My review of Beatrice and Virgil

Yann Martel‘s Beatrice & Virgil fits itself in to (unlucky?) book number 13 in my “26 in 52 challenge“. Similar to Paulo Coelho, Yann Martel is an author whose first book drew me in and has had me coming back for more, even though each time I’m disappointed it was not as good as the first.

This is the third non-fiction book by Martel that I’ve read (the other two being Self and the amazing Life of Pi). It has a clever premise with two parallel stories. The first features an author who meets a taxidermist through a fan mail letter that got the best of his curiosity. The author finds out that the taxidermist requires his help writing a story, and throughout the novel the story unfolds as the taxidermist reads parts out loud. The other parallel features the story of Beatrice & Virgil, a donkey and howler monkey, respectively.

Beatrice & Virgil are by far the more enjoyable part of the novel. The dialogue between the two is quite visual and as a reader I feel like I’m with them as they go through their adventures, good and bad. Eventually it’s obvious to the author and the reader that the adventures of Beatrice & Virgil are a parallel to that of the persecution the Jews saw during the Holocaust. It’s done in a more innocent manner, almost like a children’s novel so for me it wasn’t very emotional, as it would be if it were a story of people going through the same ordeals.

Eventually the author, who has gone through major changes in his personal life, comes to the realization that the taxidermist is not very liked by his peers and is generally not a good person at all. This can be seen from the start of the novel, but it’s explained away as him being a old, lonely man with no family.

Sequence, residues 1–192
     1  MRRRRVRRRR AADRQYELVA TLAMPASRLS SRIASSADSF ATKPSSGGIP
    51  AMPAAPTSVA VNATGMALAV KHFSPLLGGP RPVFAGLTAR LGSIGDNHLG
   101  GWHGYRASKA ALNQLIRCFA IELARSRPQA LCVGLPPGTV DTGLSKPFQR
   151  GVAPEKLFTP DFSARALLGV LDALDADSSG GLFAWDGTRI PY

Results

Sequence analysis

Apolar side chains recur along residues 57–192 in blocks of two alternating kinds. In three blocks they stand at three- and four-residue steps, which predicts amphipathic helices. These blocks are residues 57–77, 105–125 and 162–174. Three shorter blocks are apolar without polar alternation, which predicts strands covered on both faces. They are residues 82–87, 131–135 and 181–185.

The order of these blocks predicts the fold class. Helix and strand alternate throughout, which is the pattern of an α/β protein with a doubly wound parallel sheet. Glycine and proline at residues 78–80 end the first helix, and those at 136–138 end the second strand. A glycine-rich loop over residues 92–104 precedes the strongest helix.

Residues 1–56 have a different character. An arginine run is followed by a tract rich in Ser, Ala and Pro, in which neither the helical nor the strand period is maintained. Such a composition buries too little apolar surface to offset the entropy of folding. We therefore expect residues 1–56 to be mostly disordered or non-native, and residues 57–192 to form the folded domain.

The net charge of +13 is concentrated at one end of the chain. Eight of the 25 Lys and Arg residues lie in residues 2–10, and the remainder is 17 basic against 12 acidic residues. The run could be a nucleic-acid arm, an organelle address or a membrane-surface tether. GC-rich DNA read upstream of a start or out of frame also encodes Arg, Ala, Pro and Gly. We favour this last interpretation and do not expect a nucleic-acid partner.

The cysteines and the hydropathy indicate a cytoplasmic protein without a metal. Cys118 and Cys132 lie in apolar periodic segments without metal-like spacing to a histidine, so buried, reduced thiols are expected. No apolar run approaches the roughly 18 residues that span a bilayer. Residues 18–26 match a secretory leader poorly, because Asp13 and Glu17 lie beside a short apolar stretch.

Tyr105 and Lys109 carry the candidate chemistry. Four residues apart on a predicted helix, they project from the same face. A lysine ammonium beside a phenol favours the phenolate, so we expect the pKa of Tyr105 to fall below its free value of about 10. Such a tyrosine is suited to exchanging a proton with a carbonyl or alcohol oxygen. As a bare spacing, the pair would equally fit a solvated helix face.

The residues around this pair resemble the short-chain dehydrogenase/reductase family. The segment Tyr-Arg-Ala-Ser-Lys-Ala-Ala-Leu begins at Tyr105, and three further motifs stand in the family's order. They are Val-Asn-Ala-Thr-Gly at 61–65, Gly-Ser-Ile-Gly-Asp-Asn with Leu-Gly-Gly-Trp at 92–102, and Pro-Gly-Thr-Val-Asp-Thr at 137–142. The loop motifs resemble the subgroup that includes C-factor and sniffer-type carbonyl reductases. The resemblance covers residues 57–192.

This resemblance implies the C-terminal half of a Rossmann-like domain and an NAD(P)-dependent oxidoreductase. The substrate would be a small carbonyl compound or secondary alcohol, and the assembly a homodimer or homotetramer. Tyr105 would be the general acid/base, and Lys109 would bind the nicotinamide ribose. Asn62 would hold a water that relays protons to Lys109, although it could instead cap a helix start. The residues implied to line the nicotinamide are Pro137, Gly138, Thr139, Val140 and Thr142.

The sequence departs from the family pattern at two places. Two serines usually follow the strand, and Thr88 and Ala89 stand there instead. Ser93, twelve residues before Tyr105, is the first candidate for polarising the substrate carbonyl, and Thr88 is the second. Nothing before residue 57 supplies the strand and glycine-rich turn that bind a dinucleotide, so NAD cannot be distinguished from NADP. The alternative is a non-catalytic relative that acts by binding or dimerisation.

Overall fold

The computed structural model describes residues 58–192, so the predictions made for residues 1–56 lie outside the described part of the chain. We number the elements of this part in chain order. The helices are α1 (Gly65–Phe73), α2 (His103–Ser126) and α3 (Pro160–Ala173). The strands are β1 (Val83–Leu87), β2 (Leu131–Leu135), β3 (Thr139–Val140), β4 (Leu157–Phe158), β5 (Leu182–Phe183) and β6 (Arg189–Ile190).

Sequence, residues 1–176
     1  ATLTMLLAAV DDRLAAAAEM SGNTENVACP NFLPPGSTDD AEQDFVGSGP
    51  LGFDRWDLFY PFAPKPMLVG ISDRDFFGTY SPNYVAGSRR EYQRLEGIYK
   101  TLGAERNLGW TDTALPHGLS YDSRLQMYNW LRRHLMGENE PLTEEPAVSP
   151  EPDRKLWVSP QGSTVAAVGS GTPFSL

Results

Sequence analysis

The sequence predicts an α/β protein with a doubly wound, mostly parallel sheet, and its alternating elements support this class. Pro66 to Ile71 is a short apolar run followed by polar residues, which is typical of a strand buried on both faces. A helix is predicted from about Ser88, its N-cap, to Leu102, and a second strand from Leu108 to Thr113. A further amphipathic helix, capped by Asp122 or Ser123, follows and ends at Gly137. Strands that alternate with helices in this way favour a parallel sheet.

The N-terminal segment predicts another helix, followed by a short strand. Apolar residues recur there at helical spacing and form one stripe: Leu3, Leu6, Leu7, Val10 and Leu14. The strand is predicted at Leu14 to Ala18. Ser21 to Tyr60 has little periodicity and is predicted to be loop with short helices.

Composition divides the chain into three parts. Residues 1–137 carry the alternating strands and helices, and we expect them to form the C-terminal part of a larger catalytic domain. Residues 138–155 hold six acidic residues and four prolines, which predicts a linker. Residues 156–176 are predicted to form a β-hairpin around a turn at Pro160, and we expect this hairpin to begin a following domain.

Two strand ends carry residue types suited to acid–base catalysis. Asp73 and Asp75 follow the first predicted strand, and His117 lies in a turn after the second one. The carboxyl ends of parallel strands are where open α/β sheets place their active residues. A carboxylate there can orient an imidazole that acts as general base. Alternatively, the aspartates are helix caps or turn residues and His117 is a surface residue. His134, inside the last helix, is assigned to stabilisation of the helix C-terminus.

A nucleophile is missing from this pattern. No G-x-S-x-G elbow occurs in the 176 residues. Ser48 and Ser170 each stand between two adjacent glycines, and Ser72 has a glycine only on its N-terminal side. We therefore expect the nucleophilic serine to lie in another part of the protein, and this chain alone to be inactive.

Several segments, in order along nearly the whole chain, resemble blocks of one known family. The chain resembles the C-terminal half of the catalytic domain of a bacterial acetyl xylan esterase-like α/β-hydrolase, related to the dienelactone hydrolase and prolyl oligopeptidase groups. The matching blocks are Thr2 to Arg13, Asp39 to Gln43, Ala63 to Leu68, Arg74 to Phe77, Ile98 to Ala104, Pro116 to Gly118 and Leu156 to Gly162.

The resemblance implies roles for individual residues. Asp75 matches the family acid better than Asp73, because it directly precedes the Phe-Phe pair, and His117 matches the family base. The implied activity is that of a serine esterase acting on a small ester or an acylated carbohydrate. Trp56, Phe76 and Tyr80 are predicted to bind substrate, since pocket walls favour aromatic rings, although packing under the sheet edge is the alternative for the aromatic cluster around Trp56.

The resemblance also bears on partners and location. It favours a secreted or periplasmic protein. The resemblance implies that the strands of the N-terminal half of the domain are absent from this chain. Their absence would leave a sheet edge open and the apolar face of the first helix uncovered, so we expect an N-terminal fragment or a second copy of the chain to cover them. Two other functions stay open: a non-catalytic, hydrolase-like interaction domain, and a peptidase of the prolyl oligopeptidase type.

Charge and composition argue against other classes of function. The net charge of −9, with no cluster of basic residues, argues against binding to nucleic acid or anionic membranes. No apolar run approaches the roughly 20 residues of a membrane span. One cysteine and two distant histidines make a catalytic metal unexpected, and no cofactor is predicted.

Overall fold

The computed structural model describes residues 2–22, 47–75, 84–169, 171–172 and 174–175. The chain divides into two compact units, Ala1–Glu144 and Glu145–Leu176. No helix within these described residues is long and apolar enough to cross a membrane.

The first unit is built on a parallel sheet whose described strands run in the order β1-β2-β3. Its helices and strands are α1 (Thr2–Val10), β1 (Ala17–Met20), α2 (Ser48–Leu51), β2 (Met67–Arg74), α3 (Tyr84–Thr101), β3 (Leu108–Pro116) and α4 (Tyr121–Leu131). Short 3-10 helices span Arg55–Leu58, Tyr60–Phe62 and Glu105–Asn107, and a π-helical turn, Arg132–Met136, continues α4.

While the story itself was good, I didn’t feel much of an emotional connection to the novel. The use of animals was reminiscent of Martel’s Life of Pi, but failed to capture it’s vivid and emotional feel. I want to like Martel’s books, because he’s a fantastic writer, but I’m having trouble doing so. I give Beatrice & Virgil a 3/5.

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Review of a Paulo Coelho book

Earlier this week I finished Paulo Coelho‘s “By the river Piedra I sat down and wept“. It was my tenth book by by the auther, and out of all of them, my favourite is still the first, “The Alchemist”.

The story follows a girl, Pilar, who reconnects with her first love from her teenage years. The reader follows her as she battles her inner self, which is trying to tell her the life she leads in her small village, going to school is safer and smarter. Her manfriend from childhood has turned into a spiritual guru of sorts. He opens up a whole new world to Pilar that reintroduces her to her faith.

This one is in the bottom-end of my top five Coelho books, simply because the story is a lot more interesting than the last few I’ve read. I also find myself feeling for Pilar and her struggles, which I haven’t felt from his books in quite some time.

I give By the river Piedra I sat down and wept a 3.5/5. It’s an easy read and you probably won’t hate it, but it isn’t riveting enough to give it a full-on endorsement.

If you read Coelho, which one of his books is your favourite and why?

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